Was John one of the elect?
If I asked this question of a Calvinist, I am sure that he or she would answer “Yes.” After all, John had the Holy Spirit since he was in his mother’s womb. Jesus even said that John was the greatest so if anyone on earth should be one of the elect, it surely would be John. Let’s have a look at John’s election.
The Bible’s witness of John
Malachi 3:1 names John as God’s messenger:
Malachi 3:1 (NASB) “Behold, I am going to send My messenger, and he will clear the way before Me…
John preached in the wilderness where he drew great crowds. His work as a messenger of the Lord is prophesied in Isaiah: …
I would like to collect challenges and questions that Calvinists have for those of us who are non-Calvinists. What question or challenge do you normally give to those Christians who do not believe in the Calvinist “Doctrines of Grace”? I will be going through the comments and questions and composing blog posts to address the challenges. Please don’t forget to read the page “Read this first” so you understand why this blog exists and what I expect from those who post here.
Welcome to The Giving! This blog is all about a balanced view of the Sovereignty of God. I welcome people to post their comments and questions, however, I want my blog to be respectful and gracious towards Christians even those who view the issue of the Sovereignty of God from a different understanding then what is listed on this blog. Please read my comment policy before you post.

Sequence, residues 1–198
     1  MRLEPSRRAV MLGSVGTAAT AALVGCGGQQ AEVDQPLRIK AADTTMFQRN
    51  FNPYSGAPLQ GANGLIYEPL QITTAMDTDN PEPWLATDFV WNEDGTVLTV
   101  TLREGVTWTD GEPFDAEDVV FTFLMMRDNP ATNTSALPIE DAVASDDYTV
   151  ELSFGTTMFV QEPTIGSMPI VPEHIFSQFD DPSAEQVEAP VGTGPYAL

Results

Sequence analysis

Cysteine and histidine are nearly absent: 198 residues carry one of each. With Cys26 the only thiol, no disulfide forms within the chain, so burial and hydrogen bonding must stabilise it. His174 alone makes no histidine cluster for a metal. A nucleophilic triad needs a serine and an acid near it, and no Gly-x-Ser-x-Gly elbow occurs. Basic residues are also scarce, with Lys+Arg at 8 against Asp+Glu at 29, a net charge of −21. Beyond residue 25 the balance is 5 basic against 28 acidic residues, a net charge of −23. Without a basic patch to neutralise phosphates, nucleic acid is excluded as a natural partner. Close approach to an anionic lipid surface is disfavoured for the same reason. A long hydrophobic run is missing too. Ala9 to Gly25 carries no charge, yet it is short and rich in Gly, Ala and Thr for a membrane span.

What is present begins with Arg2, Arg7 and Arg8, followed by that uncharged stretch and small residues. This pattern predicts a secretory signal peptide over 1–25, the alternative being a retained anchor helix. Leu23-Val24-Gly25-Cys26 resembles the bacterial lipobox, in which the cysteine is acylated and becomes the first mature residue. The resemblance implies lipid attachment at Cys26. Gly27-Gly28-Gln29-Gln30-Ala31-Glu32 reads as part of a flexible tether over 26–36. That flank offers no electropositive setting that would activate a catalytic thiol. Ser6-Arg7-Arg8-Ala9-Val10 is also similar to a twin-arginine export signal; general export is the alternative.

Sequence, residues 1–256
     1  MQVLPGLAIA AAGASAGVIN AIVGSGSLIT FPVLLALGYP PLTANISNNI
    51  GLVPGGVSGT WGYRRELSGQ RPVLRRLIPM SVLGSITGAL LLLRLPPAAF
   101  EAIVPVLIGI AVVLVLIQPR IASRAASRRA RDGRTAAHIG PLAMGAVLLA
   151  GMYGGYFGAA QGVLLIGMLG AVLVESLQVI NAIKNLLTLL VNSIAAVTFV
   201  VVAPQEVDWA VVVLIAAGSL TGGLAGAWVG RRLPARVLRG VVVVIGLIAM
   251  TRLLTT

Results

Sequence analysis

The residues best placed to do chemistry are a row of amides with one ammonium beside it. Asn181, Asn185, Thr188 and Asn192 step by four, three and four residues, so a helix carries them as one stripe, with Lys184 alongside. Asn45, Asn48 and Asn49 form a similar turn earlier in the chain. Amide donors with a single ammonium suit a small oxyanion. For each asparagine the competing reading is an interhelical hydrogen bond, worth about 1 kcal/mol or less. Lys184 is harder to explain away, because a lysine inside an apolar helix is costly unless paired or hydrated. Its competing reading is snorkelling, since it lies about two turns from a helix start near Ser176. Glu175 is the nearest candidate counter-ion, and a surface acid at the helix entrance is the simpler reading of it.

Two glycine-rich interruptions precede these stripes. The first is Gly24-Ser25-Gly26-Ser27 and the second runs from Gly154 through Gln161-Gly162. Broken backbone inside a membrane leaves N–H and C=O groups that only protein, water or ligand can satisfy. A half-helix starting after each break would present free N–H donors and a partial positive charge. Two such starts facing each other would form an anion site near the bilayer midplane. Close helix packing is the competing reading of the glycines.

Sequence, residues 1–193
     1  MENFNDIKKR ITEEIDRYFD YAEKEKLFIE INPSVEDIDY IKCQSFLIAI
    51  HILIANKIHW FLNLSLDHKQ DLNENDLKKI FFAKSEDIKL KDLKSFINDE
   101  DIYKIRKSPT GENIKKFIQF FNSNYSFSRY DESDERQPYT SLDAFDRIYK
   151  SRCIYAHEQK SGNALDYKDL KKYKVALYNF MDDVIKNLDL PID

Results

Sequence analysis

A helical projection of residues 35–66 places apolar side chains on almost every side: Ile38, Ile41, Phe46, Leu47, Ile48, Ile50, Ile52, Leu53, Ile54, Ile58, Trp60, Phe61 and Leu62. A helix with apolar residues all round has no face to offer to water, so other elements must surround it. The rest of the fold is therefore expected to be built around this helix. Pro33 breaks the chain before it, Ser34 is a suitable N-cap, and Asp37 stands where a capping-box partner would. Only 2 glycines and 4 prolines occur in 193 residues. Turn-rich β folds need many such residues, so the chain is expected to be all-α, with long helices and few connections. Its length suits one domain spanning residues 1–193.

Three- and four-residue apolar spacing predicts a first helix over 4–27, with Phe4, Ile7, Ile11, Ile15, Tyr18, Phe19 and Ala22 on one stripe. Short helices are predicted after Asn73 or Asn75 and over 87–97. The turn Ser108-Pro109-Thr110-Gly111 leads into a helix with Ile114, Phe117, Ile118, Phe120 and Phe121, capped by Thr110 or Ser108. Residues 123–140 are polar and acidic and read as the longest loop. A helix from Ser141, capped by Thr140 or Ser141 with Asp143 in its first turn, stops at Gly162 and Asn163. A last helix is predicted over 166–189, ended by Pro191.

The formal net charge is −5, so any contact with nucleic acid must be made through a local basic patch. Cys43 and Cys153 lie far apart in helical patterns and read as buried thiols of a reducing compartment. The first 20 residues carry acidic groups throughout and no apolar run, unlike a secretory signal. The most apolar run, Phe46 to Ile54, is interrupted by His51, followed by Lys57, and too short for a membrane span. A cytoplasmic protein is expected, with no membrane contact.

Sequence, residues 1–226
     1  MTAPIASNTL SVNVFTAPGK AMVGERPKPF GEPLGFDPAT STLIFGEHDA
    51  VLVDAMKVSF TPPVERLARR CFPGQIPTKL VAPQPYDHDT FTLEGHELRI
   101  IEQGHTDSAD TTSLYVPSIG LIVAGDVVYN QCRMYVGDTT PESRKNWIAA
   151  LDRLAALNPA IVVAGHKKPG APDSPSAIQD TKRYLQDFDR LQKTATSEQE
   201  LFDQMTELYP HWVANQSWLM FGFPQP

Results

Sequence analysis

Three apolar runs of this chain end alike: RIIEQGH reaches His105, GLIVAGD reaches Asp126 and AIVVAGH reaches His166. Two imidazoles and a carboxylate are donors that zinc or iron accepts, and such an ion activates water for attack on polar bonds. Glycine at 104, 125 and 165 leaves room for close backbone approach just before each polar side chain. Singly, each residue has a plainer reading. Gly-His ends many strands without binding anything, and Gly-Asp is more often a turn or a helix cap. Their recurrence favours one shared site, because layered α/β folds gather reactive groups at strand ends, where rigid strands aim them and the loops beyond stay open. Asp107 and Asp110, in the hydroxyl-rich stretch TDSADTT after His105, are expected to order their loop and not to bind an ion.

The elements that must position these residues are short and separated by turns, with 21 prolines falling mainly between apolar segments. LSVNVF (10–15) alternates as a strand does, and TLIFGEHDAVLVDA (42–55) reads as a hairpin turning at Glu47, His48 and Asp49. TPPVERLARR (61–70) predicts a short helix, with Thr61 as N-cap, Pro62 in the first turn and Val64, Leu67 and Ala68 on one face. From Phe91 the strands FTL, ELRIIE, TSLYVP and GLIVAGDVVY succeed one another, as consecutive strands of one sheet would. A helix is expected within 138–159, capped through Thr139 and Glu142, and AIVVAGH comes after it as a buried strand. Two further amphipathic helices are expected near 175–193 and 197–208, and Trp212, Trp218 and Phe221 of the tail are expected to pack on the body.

The separation between Calvinism and Arminianism has caused a lot of division in the church at large. It is rare to find public discussions that are civil as there is much name-calling and mocking that substitutes for Christian charity over the issue of the Sovereignty of God. It is my view that we are to treat brothers and sisters in Christ with respect and love as if our Lord was standing in our midst. When Christians mock other Christians because of secondary issues of faith, how will we bring honor to Jesus who died for our brother as well as for us?
My blog will take a non-Calvinist viewpoint, but there will be an opportunity to provide feedback and respectful challenges.
This blog seeks to do two things:
To have a safe place for both sides to discuss doctrinal differences
To give opportunity for Calvinists to give questions and challenges that have not been answered to their satisfaction from the non-Calvinist camp
I am working on a 5 DVD series that will deal with the Sovereignty of God from the balanced perspective, but dealing primarily with the Calvinist’s proof texts and challenges that Calvinists give to non-Calvinist. I believe that questions and challenges from Calvinists deserve to be looked at carefully and answered. There will be an opportunity on this blog to ask your questions, to give a challenge and to interact with brothers and sisters who may not agree with you, but who are convinced that we are to be loved as one body in Christ. I will post links to my ministry website when each of the DVDs is ready.